I popped on the news feed before bed - (highly recommend against this) - and a study reported by National Public Radio appeared with this headline: With Gene Disorders, The Mother's Age Matters, Not the Egg's. ...more

The Reading Puzzle Finds Another Piece: The duck, the dog and a big yes!

In its own, special way, the puzzle comes together. All the work parents pour into special kids has unknown outcomes. When a child will walk, or talk, or read, we have no idea. As we wait and watch, once and awhile, a puzzle falls into place. ...more

Take A Breath And Let Go - Learning Not To Hover Over My Autistic Son

The kids and I just spent the last ten days with my brother and his family in Kansas. We had a wonderful time! I have five nieces and nephews and we went on all kinds of fun outings and watched movies and hung out and laughed and laughed and laughed. On July 4th, we joined them at a neighborhood party which was a serious thrill for my kids because of the level of fireworks involved. In that part of Kansas, they can buy all sorts of great fireworks at roadside stands that are firmly outlawed in our home state....more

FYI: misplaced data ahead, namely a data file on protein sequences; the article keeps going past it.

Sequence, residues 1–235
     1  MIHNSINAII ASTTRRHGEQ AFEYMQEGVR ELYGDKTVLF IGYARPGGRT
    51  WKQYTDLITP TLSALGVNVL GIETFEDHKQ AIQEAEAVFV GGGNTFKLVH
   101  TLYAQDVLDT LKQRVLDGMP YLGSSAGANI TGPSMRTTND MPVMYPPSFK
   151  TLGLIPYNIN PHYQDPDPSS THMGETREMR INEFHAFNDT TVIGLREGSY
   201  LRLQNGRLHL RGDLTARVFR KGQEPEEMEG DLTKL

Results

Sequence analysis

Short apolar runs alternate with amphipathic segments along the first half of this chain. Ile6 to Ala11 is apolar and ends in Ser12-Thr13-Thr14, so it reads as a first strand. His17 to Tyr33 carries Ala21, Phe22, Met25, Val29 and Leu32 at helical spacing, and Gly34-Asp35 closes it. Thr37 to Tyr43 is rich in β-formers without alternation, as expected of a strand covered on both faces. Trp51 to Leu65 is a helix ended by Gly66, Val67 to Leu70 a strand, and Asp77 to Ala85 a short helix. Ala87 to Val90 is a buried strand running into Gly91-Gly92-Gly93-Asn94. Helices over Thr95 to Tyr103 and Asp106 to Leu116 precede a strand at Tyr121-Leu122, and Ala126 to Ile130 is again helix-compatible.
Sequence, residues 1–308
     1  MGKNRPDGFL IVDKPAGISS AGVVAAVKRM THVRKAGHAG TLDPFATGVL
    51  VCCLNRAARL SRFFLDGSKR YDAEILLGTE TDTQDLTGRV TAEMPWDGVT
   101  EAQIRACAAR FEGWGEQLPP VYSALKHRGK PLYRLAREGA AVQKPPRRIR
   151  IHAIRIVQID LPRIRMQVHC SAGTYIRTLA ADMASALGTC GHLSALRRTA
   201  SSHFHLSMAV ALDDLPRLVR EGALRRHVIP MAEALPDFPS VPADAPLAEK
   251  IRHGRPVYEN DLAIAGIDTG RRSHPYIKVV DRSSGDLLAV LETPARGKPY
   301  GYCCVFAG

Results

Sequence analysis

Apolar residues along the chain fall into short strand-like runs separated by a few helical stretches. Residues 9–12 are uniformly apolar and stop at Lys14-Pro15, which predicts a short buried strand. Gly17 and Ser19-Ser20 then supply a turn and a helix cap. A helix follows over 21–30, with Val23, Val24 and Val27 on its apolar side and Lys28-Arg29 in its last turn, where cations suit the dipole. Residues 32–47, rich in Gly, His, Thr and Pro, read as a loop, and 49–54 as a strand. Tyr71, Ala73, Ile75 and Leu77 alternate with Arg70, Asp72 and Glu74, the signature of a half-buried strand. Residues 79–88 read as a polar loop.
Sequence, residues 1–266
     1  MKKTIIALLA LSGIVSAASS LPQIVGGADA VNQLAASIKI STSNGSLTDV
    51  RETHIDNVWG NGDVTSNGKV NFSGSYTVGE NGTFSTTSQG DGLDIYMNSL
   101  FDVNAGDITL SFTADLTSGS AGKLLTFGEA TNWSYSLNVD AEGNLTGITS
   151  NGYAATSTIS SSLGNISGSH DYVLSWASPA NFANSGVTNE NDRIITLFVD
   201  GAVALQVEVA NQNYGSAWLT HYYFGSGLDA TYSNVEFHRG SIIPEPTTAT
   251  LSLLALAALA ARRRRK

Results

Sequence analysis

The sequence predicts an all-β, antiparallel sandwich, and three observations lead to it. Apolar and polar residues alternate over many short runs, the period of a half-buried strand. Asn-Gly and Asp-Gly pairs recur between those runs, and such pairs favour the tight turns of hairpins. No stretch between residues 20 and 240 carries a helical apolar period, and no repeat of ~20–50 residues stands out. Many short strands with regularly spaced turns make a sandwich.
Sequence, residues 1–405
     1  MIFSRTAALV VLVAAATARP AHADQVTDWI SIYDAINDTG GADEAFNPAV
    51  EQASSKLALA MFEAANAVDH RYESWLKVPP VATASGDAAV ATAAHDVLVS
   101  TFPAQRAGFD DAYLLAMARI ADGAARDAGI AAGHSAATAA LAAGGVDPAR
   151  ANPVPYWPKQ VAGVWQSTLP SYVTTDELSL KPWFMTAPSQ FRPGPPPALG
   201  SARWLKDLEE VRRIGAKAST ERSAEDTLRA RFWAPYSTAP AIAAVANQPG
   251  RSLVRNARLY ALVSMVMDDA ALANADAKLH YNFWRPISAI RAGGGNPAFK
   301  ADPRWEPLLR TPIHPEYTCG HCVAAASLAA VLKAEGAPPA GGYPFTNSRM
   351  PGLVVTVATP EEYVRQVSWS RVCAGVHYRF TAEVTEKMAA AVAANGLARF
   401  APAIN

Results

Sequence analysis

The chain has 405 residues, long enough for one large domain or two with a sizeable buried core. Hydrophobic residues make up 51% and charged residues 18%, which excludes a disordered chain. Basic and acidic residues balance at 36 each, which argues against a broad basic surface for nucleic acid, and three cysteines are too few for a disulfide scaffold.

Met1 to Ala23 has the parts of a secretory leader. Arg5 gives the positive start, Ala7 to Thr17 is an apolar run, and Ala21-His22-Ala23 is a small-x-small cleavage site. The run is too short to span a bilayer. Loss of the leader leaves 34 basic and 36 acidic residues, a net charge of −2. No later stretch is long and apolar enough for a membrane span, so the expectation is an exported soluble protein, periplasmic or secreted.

B is for Bird:Teaching a Special Needs Child to Read

"UP" points to the top of the stairs. "DOWN," of course, points down. I tape words and letters to walls and balls and stuffed rabbits and birds to help my son learn to read. "P" for patient is the one I should tape to my forehead. ...more

Travel With Special Needs Kids Part II: To Infinity and Beyond

Hands down, it's easier to stay home. Without question, we'll be "fine" without ever stepping out the door into the wilderness, the next town, or another country. Travel - why bother at all? And why in the world risk taking a special needs kid through the hassle of travel? As a single parent of a two children and a special boy, it makes no logical sense to travel beyond our comfort zone. Then again, that's exactly why we choose to do it. ...more